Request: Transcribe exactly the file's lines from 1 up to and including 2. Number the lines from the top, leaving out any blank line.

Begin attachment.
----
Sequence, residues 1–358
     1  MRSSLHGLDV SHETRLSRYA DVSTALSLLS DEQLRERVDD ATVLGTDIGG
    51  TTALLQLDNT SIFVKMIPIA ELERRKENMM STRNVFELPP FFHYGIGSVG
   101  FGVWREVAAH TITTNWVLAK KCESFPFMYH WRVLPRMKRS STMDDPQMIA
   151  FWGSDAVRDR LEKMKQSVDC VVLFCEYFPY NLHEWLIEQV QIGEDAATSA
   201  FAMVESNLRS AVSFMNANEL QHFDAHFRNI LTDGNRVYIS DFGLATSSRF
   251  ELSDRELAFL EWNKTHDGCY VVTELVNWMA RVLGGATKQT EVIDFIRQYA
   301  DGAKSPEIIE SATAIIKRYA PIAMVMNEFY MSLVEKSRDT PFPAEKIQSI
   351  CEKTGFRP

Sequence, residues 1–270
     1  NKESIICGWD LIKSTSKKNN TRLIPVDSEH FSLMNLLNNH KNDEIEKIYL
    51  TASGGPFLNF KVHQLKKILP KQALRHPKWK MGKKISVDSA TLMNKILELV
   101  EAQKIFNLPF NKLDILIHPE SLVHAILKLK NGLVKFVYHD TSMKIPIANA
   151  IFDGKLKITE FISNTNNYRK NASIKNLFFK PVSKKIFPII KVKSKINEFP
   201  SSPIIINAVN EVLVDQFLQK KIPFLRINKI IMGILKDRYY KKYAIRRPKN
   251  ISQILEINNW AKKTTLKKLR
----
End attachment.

Sequence, residues 1–358
     1  MRSSLHGLDV SHETRLSRYA DVSTALSLLS DEQLRERVDD ATVLGTDIGG